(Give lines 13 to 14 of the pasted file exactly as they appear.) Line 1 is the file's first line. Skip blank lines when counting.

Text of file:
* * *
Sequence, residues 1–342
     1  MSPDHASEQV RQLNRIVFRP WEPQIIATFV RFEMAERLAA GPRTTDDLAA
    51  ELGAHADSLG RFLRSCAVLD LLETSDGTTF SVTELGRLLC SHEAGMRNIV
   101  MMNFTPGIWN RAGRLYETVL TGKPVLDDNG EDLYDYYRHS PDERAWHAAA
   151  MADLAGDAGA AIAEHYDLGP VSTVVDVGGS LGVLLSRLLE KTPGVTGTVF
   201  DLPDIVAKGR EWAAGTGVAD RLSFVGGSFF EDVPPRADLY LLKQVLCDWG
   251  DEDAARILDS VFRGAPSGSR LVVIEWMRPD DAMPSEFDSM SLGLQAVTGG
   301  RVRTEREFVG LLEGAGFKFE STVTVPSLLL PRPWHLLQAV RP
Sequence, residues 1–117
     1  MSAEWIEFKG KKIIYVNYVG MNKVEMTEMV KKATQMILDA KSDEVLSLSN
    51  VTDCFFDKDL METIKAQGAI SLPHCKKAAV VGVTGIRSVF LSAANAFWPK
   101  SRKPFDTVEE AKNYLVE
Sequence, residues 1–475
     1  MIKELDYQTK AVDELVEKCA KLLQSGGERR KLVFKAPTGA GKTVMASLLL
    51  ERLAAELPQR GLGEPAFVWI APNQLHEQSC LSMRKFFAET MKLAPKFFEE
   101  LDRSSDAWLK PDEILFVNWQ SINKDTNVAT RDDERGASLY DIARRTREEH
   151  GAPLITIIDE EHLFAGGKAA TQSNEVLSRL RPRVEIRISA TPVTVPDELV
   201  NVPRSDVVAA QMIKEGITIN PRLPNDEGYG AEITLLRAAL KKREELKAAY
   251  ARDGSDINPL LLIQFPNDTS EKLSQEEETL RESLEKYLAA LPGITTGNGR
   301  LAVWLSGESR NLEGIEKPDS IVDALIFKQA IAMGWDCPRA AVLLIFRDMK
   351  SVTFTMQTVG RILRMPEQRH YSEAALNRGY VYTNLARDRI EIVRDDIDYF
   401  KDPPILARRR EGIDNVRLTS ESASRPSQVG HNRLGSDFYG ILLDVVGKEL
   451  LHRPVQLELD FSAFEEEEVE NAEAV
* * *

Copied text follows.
Sequence, residues 1–475
     1  MIKELDYQTK AVDELVEKCA KLLQSGGERR KLVFKAPTGA GKTVMASLLL